1 Introduction
Multiple hypothesis testing has been one of the most lively area of research in statistics for the past few decades. The biggest challenge in this area comes from the fact that the models involve an extensive collection of unknown parameters and one has to draw simultaneous inference on a large number of hypotheses mainly with the goal of ensuring a good overall performance (rather than focusing too much on the individual problems). Very often data sets from modern scientific investigations,in the field of Biology,astronomy,economics etc. require such simultaneous testing on thousands of hypotheses.
Various measures of error rate have been proposed over the years. One of the hardline frequentist approach is to control the family wise error rate (FWER) which is defined as the probability of making at least one false rejection in a family of hypothesistesting problem.
Bonferroni’s bound provides the classical FWER control method. However, the stepup and stepdown algorithms by [11] , [17],[12] ,[10] provides improvement over the Bonferroni’s method in terms of power. While Holm’s procedure provides control over the FWER in general, the other algorithms depend heavily on the independence of the pvalues of the individual hypothesis. [3], [4],[7] provides excellent review of the whole theory.
One of the main limitations of these classical methods that control FWER in the strong sense, is their conservative nature which results in lack of power. A substantial improvement in power has been achieved by considering the False discovery rate (FDR) criterion proposed by [1]. See, for example [2], [20], [18], [16],[13] for further details. [14] ,[7] provides an excellent account on the literature on FDR.
However, most of these works have been done in the context of independent observations. Very little literature can be found that covered correlated variables. [14] reviews FDR control under dependence set up. [6] clearly shows the effects of correlation on the summary statistics by pointing out that the correlation penalty depends on the root mean square (rms) of correlations. An excellent review of the whole work can be found in [7]. All these works gives immense light in the context that FWER or FDR should be treated more carefully where correlation is present.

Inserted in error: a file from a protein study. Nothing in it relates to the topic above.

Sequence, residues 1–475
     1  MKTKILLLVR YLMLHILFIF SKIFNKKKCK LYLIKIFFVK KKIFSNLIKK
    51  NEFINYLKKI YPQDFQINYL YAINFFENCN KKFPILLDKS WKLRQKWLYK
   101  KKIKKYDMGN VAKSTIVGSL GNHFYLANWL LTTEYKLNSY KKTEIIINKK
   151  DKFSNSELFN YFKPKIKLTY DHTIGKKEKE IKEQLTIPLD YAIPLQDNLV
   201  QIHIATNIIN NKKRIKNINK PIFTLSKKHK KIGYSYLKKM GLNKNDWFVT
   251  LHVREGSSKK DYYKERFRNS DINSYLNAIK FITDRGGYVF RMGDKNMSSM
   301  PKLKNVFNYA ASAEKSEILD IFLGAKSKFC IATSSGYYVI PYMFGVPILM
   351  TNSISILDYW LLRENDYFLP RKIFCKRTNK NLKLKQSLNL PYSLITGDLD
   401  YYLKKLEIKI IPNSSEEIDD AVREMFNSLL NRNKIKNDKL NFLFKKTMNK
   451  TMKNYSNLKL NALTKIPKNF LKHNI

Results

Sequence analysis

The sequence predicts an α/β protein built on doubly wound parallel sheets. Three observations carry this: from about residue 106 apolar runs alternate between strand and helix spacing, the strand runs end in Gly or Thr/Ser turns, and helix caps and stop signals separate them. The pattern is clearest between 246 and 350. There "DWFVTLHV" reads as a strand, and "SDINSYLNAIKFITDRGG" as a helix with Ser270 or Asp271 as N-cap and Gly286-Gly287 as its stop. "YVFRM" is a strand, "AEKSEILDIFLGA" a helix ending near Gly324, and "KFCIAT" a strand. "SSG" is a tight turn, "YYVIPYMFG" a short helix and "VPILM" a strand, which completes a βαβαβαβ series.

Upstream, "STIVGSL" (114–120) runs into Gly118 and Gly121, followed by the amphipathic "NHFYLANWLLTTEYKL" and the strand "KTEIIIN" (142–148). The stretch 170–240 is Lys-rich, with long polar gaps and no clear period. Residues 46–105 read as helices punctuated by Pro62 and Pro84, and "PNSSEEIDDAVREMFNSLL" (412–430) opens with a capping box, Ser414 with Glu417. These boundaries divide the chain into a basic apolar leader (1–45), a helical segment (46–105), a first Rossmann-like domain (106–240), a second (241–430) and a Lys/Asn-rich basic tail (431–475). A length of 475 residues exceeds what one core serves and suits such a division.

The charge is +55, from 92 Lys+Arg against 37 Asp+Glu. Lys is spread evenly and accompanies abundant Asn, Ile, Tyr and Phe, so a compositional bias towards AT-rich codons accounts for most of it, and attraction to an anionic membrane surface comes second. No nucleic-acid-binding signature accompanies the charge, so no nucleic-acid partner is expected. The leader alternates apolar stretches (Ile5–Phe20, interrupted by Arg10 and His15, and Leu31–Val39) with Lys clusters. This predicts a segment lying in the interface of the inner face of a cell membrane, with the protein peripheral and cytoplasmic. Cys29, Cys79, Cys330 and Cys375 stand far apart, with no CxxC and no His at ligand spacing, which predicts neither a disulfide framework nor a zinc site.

Some distribution free bound on FWER can be found in [19] using Chebyshevtype inequalities. But as these inequalities are distribution free, FWER is highly overestimated for choice of particular distributions (e.g. normal). Also, these inequalities are not of much use for a large number of hypotheses.
In our work, we have considered equicorrelated normal distribution and obtained a sharper bound on the FWER for the Bonferroni type FWER control procedure. We have shown that, asymptotically (For large no. of hypotheses) is a convex function in and hence FWER in Bonferroni procedure is bounded by . This suggests a necessary correlation correction in Bonferroni procedure. While the bound provided in [19] is not a bounded quantity as no. of hypotheses gets larger and larger , the bound provided in this work remains stable even as and shows a clearer picture of the effect of correlation on FWER. This is probably the first attempt in the context of finding most classically used FWER in terms of asymptotically. We, in further communication expect to attempt the same problem in terms of root mean square (rms) of correlations as attempted in [6].
2 Description of the problem
Let be a sequence of observations and the null hypotheses are
Many single hypothesis testing problems focus on the one sided tests which rejects the null hypothesis for large values of the observation. We’ll consider here the onesided test :  Reject
if . ( c is chosen according to the required significance level of the test).The twosided hypothesis problem can be solved in the similar manner.Under this setup a classical measure of the typeI error is FWER which is the probability of falsely rejecting at least one null hypothesis (Which happens if
for some and the probability is computed under the intersection null hypothesis . When we compute under the intersection null hypothesis, FWER and FDR are the same. Hence this study also gives an idea of the behaviour of FDR under this setup.FWER = P(At least one false rejection)= P( for some )
Suppose, .
Our goal is to provide an asymptotic bound on FWER in terms of .
Let, FWER
3 Main theorem
Theorem 3.1
Suppose each is being tested at size . If then, as and hence asymptotically is a concave function in [0,1] .
Note :